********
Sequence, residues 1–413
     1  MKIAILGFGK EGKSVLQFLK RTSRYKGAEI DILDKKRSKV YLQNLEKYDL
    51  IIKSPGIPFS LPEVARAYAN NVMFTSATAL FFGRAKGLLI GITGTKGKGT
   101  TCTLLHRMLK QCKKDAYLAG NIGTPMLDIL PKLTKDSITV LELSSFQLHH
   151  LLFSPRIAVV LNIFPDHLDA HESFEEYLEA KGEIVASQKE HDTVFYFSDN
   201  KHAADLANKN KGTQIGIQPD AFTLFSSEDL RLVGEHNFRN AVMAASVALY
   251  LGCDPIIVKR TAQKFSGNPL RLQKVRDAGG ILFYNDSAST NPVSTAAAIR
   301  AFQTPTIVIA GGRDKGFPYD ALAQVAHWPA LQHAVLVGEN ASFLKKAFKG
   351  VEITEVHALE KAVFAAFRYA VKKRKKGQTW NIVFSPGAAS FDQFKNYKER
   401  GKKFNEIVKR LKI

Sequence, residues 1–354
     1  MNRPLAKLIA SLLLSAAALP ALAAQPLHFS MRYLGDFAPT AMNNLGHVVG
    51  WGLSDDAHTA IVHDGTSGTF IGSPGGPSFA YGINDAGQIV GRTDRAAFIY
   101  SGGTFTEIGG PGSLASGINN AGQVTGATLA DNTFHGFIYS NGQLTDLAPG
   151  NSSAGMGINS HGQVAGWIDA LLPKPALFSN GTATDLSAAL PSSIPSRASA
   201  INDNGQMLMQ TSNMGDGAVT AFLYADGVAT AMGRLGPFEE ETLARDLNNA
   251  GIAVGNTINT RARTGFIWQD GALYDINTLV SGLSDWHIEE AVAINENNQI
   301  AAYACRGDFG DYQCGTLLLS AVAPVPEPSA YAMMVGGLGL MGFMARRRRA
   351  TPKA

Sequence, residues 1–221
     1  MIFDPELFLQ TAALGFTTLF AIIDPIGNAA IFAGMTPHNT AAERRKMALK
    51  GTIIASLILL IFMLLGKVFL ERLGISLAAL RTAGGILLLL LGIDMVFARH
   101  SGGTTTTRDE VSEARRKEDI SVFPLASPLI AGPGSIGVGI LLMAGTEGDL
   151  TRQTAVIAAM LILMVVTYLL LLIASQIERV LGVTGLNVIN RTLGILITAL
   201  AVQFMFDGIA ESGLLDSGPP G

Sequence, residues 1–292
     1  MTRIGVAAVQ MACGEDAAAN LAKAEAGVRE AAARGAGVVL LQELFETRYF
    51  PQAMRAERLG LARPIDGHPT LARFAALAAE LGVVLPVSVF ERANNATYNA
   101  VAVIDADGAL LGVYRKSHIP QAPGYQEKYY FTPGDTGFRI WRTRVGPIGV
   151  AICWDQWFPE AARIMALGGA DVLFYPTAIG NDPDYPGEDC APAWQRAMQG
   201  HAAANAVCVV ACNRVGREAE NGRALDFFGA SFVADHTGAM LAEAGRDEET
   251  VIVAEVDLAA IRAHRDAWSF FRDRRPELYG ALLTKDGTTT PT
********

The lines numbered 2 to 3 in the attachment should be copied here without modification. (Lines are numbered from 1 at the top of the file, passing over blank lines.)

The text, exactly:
     1  MKIAILGFGK EGKSVLQFLK RTSRYKGAEI DILDKKRSKV YLQNLEKYDL
    51  IIKSPGIPFS LPEVARAYAN NVMFTSATAL FFGRAKGLLI GITGTKGKGT